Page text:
HAND-CURATED POSTS FROM THE WISCONSIN BLOGOSPHERE (AND SOMETIMES POINTS BEYOND)
Green Bay — Matt Flynn (nearly) saved the day for the Green Bay Packers.
At a deflated Lambeau Field — the Packers’ playoff hopes at stake — the back-up quarterback supplanted Scott Tolzien and led a furious comeback. Scoring on four straight possessions, Flynn took Green Bay to overtime against Minnesota.
Flynn brought the theatrics. But it wasn’t quite enough.
The Packers and Vikings settled with a 26-26 tie Sunday. With the Detroit Lions (6-5) and Chicago Bears (6-5) both losing, Green Bay (5-5-1) is still very much alive in the NFC North race. But Sunday also had to leave everyone wanting more.
Flynn finished 21 of 36 for 218 yards with one touchdown.
Via JS Packers Blog.
The Packers had driven 87 yards in 11 plays on their second possession and Tolzien had completed pass of 20 yards to FB John Kuhn and 34 to WR Jordy Nelson..
But everything went downhill from there and some of the inaccurate passes he had thrown leading up to that touchdown suddenly became the norm. The offense manage just four first downs the rest of the way and Tolzien finished the half 7 of 15 for 98 yards.
Via JS Packers Blog.
Last month, No Quarterfirst reported that prosecutors had launched a second John Doe investigation into the recall elections. The response from the right has been swift and aggressive.
Those targeted by this probe are bringing in heavyweight lawyers from around the country, including an attorney who worked alongside U.S. Attorney General Eric Holder on the federal government’s $13 billion settlement with JPMorgan Chase & Co.
These lawyers have gone to court to try to throw up roadblocks to the prosecution and perhaps even derail the entire case, although their first effort was rebuffed late Friday. One recipient of a John Doe subpoena has gone public with the news.
And conservative websites have published leaked details of the probe and launched direct attacks on the prosecutors. One of the more humorous stories likened one prosecutor to Inspector Javert from Victor Hugo’s novel “Les Misérables.”
Via JS No Quarter Blog.
In his third round of questioning, Sammy Hadaway confessed.
After being held in a Milwaukee jail for several days in 1995, he told detectives that he saw his friend, Chaunte Ott, rape and murder a 16-year-old runaway named Jessica Payne.
Hadaway — who has cerebral palsy, epilepsy and brain damage and is referred to in medical records as a “poor historian” — said he robbed Payne before Ott raped and killed her.
The biggest problem with the confession: It was all a lie, one Hadaway now says he told police to avoid a homicide conviction that could have landed him behind bars for the rest of his life.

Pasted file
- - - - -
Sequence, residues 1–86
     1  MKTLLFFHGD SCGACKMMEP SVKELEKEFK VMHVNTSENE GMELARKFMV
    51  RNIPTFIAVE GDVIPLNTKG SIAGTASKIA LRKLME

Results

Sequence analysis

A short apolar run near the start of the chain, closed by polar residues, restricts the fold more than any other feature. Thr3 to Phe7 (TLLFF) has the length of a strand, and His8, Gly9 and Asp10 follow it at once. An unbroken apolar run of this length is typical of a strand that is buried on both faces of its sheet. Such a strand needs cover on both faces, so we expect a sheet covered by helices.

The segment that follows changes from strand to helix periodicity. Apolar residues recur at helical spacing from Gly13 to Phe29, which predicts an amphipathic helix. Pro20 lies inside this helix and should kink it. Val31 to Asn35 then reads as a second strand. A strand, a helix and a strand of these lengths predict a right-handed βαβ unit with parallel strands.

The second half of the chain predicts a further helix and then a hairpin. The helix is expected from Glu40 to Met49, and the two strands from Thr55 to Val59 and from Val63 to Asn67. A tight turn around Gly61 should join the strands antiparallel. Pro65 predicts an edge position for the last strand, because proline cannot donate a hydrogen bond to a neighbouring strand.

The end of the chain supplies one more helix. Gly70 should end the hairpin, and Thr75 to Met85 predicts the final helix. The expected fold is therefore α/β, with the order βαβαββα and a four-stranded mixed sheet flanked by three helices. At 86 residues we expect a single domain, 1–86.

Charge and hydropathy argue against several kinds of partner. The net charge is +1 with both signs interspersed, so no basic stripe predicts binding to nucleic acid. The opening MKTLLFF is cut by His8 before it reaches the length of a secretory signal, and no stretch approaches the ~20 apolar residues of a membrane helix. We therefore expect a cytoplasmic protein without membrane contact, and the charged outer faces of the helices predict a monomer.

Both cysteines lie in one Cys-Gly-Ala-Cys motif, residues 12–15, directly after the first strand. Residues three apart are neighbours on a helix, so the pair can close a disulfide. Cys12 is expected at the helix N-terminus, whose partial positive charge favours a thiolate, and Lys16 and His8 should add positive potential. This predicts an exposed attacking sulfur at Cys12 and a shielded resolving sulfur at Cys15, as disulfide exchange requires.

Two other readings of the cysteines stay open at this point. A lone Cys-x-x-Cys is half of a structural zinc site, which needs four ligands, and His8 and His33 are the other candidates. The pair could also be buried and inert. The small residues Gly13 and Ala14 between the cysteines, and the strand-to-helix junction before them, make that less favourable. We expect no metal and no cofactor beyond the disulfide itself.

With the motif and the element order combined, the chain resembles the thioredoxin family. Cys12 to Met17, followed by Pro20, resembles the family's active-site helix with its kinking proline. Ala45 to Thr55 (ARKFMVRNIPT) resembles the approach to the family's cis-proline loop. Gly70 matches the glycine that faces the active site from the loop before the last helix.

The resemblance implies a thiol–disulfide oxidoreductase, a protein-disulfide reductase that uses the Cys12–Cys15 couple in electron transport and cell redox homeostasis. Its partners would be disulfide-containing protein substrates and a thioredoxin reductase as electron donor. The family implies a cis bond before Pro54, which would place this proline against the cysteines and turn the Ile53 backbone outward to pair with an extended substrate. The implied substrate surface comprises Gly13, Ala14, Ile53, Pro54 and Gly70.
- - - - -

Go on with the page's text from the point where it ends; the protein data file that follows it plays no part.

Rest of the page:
“I was like, ‘Okay, he did it’ and I repeated the story (police) told me,” Hadaway, now 38, said in an interview.
[Milwaukee, Wisc...] During Health and Human Services Sec. Kathleen Seblius’ visit to Milwaukee last week, she made claims regarding Wisconsin’s health care …
Via MacIver YouTube.
Architects of the greatest progressive overreach since Prohibition are reeling. Tammy Baldwin is begging Scott Walker to save health care for the poor. La Crosse Democrat Ron Kind voted Friday for the Republicans’ “Keep Your Health Care Plan,” a measure the White House said would “gut” the law… more»
Here’s are what I think were the highlights of Mary Burke’s latest interview, this time with WPT’s Here and Now’s Frederica Freyberg. I especially liked her comments about starting WEDC at the wrong time, and Walker turning down the opportunity to get our own federal taxes back with the expansion … more»
With our governor’s book tour, I find myself surprised that few of our allegedly legitimate journalists aren’t asking what the results are of his “Unintimidated” policies- particularly Walker’s 2010 promise of 250,000 new jobs (later changed to 250,000 private-sector jobs) in his four years in office. Because that promise is … more»
Scott Walker hates Obamacare. But Scott Walker also needs Obamacare.
The Wisconsin Republican governor, a potential 2016 contender for the White House, has drawn national attention to his ambitious health reform effort to cover the poor in his state without buying into the president’s health care plan. But his approach is nevertheless yoked to the new insurance exchange, a core component of Obamacare, and the federal law’s early nosedive already has claimed collateral damage in the Badger State.